Baghdad in Ararat: Iraqi-Armenian refugees face difficulties adapting to the “homeland”

Baghdad in Ararat: Iraqi-Armenian refugees face difficulties adapting to the “homeland”


Life in Darbnik wasn’t easy for the Margaryan family.

The village of Darbnik, Ararat province, has become home to 26 families who escaped war in Iraq in recent years. The United Nations mission in Armenia has renovated the building of Darbnik’s former agricultural college, and prepared 46 apartments for the refugees.

In April, last year, the Margaryan family settled in Darbnik, after having originally fled to Armenia in 2004.

The eldest member of the family of 9, Genevel Margaryan, 62, recalls that it became impossible to live in Iraq, where the family had lived in Baghdad since early last century.

“I could go to a market and never come back,” Margaryan says.

The family was worried about kidnapping (widely spread in Iraq), and made a decision to quit everything and to seek asylum in the historical homeland.

“Now when we get home, and I show you our photos (of their Iraq home), you will say, “Oh my God, how do you live here,”” Margaryan says walking along the muddy streets of Darbnik to home.

Darbnik (some eight kilometers southwest of Yerevan) is a village of only 1,130 residents and more than 90 percent are refugees. In Soviet times the village was populated by ethnic Azerbaijanis, who left Armenia during ethnic tensions in the late 80s leaving their village to Armenians who fled Azerbaijan. Now the village has 315 households, of which 26 belong to Armenian refugees from Iraq.

The Margaryans, as all Armenians living in Iraq, before the American-Iraqi War, during Saddam Hussein’s regime (1979-2003) lived a safe and prosperous life. Iraqi-Armenians were famous as skillful artisans. They had no role in the political life of the country, which is typical to the Armenian Diaspora communities in the Middle East. According to the data provided by the Migration Agency of Armenia, 991 Armenians, citizens of Iraq, have sought asylum in Armenia since 2003, 806 of them have secured residence permits. Currently about 750 Iraqi-Armenians are residing in Armenia. (Some of them (about 150) left Armenia and left mainly for the US and for the countries of Middle East.)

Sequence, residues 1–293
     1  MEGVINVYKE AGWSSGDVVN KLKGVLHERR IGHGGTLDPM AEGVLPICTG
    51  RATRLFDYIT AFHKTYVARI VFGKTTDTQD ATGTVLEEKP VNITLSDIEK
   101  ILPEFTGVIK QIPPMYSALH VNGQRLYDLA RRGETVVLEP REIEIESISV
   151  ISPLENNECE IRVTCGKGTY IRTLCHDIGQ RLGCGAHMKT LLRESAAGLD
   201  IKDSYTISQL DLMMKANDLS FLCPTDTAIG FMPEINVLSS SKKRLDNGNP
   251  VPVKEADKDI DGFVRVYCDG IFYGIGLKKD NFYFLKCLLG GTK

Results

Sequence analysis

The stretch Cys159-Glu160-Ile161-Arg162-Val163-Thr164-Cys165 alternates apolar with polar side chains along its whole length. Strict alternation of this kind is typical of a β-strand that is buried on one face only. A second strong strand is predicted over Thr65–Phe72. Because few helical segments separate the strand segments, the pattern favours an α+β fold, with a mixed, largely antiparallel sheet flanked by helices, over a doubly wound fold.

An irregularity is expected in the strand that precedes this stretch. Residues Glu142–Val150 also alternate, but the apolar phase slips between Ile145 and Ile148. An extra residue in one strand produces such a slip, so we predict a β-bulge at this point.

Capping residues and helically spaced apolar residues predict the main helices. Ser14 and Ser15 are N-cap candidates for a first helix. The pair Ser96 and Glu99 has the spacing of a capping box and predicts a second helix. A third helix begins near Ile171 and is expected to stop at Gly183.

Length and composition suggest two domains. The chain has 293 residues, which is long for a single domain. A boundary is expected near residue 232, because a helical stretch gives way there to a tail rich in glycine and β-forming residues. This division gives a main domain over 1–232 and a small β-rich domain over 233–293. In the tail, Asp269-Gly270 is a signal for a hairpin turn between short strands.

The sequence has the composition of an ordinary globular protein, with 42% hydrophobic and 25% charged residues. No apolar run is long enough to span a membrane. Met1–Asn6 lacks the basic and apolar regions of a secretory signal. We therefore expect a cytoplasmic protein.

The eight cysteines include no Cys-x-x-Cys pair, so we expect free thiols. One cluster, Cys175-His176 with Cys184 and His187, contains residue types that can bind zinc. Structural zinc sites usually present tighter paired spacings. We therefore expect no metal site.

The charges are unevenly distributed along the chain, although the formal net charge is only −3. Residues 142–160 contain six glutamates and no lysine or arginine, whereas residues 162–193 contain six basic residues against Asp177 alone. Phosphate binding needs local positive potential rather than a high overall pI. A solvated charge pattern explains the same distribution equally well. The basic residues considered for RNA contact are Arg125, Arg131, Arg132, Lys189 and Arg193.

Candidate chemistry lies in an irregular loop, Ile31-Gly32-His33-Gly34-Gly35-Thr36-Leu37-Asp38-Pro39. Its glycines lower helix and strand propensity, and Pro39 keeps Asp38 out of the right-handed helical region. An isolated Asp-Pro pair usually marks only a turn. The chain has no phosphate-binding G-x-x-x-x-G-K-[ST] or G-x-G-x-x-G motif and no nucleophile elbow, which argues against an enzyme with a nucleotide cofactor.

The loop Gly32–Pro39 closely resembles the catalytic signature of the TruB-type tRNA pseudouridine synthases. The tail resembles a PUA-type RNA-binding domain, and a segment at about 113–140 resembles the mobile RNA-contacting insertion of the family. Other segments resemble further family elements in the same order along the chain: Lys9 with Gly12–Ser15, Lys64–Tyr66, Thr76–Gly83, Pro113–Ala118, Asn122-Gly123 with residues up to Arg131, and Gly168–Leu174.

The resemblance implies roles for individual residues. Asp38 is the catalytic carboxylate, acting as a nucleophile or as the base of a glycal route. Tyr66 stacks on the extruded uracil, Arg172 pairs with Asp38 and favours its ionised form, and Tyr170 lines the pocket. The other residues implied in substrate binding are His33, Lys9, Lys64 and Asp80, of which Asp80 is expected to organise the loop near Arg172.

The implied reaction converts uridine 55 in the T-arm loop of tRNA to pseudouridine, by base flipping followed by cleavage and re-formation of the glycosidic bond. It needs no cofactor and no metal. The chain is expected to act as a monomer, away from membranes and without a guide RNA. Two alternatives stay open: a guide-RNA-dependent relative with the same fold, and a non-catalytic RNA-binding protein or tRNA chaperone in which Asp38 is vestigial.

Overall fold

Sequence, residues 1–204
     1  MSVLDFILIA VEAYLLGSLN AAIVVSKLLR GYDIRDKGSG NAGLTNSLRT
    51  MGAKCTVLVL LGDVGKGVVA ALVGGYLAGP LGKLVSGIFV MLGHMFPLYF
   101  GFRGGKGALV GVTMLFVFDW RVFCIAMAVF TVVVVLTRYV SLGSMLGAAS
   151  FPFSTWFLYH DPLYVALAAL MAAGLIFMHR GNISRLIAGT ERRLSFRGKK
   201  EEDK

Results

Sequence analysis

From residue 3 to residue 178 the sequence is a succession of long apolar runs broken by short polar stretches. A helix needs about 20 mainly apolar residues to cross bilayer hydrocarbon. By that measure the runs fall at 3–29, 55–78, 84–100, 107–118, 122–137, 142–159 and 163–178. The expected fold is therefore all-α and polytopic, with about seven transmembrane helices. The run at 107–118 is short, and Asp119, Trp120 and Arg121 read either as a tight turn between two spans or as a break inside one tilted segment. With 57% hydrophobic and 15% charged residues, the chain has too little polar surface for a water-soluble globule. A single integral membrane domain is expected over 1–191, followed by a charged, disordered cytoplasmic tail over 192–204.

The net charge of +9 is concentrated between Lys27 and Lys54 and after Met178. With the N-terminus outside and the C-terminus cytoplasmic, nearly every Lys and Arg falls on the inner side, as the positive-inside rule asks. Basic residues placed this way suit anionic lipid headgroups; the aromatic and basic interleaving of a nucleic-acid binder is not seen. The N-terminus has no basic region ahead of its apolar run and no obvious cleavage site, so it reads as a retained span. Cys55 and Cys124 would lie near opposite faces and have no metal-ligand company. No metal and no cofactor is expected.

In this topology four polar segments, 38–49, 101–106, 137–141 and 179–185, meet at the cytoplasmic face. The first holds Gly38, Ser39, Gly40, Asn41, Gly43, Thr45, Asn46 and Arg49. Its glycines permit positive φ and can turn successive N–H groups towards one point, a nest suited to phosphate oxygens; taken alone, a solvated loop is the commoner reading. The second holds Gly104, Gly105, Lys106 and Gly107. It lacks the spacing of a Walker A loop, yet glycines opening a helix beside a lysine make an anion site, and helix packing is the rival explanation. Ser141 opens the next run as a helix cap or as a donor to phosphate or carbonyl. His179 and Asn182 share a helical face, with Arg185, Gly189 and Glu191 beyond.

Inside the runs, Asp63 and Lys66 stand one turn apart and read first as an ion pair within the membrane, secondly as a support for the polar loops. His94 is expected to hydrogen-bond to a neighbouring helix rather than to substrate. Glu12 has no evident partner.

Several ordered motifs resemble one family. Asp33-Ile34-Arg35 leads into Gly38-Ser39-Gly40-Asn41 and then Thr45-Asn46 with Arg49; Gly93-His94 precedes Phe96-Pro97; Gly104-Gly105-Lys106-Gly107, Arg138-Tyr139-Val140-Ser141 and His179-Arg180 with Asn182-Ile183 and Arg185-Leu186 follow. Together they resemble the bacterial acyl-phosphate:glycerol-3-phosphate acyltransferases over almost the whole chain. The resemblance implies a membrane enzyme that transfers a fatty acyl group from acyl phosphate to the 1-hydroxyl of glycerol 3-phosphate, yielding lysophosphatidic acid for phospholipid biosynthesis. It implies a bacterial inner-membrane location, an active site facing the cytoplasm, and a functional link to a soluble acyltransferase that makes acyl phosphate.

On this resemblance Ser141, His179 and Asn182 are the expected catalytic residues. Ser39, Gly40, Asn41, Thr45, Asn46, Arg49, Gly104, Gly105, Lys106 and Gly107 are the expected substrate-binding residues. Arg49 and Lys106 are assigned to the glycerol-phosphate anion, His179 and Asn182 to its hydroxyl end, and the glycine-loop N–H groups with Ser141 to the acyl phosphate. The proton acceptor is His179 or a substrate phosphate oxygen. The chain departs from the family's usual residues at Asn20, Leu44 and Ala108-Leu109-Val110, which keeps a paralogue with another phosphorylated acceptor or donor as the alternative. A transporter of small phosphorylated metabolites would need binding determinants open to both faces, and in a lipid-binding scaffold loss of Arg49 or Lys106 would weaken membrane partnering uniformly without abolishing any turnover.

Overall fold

Margaryan came to Armenia with her husband, two sons, daughters-in-law, daughters, and two grandchildren. The family lost the head (Margaryan’s husband) in Armenia, and two members were added (the younger son’s two daughters). Brothers Aram, 37, and Azat, 30, are married to two Assyrian sisters – Nadia and Asil. When coming to Armenia, they used to rent an apartment before moving to Darbnik.

“Papa (her husband) could not stand it anymore, soon after moving here (in 20 days), he died. He said, ‘Oh my God, what a place is this?! There is not even asphalt here’,” Margaryan tries to explain why her husband died. He could not put up with the fact that they had lost their house in Baghdad.

They have a satellite in their house in Darbnik, tuned to an Arabic music channel. Genevel asks her grandchildren to dance, demonstrating the Arabic dances taught by Asil.

Currently, the Margaryan brothers have a car renovating workshop in Yerevan.

“Life is very expensive here. We have paid no money for water, electricity and gas in Baghdad, everything was free of charge,” says Margaryan, who cannot put up with Armenia’s winter, too.

“Besides, the state was giving all families some goods (rice, flour, and sugar) every month free of charge,” says Asil, 24, who learned Armenian after getting married. However, some Russian words are already noticed in her speech (something very typical to Armenians living in Armenia).

According to Gohar Galstyan, Chief Coordinator of ‘Cultural Adaptation through Education’ program of Save the Children NGO (the NGO implemented a number of programs on the adaptation of Iraqi-Armenians and the improvement of their life standards in Armenia), besides the asphalt, the country transportation creates many difficulties for Iraqi-Armenians (the bus passes through several villages, and it takes about an hour to get to Yerevan). Rubbish collecting is not implemented here at all (peasants are simply throwing their garbage on the road taking to the village).

Galstyan says moving to Armenia comes with social problems for Iraqi-Armenians, who typically had more comfortable lives in pre-war Iraq.

“They also have some problems connected with the language, because they do not speak the (Armenian) language well enough to get a normal job. Besides, only few of them have a higher education, most of them (Iraqi-Armenians) are jewelers and auto mechanics,” Galstyan says.

She adds that majority of Iraqi-Armenians are not interested in getting an Armenian citizenship.

“First, in case of getting an Armenian citizenship, they will not enjoy any privileges (those which they have being refugees) any more. Besides, many of them have not made a final decision whether to stay in Armenia or leave for another country,” Galstyan says.